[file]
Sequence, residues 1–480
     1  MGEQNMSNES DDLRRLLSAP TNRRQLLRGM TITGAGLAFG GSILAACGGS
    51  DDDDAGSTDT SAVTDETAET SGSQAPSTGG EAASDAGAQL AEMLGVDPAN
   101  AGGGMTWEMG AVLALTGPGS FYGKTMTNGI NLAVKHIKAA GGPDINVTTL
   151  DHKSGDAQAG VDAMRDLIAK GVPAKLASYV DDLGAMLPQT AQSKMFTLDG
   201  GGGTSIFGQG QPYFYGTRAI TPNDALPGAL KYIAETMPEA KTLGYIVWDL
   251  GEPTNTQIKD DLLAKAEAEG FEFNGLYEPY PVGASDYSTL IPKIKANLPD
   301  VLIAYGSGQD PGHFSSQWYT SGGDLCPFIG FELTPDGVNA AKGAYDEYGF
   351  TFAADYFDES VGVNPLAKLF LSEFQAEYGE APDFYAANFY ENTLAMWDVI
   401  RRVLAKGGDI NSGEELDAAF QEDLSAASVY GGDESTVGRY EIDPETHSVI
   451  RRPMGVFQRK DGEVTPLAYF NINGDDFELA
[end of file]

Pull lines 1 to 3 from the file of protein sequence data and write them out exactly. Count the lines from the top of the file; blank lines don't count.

Sequence, residues 1–480
     1  MGEQNMSNES DDLRRLLSAP TNRRQLLRGM TITGAGLAFG GSILAACGGS
    51  DDDDAGSTDT SAVTDETAET SGSQAPSTGG EAASDAGAQL AEMLGVDPAN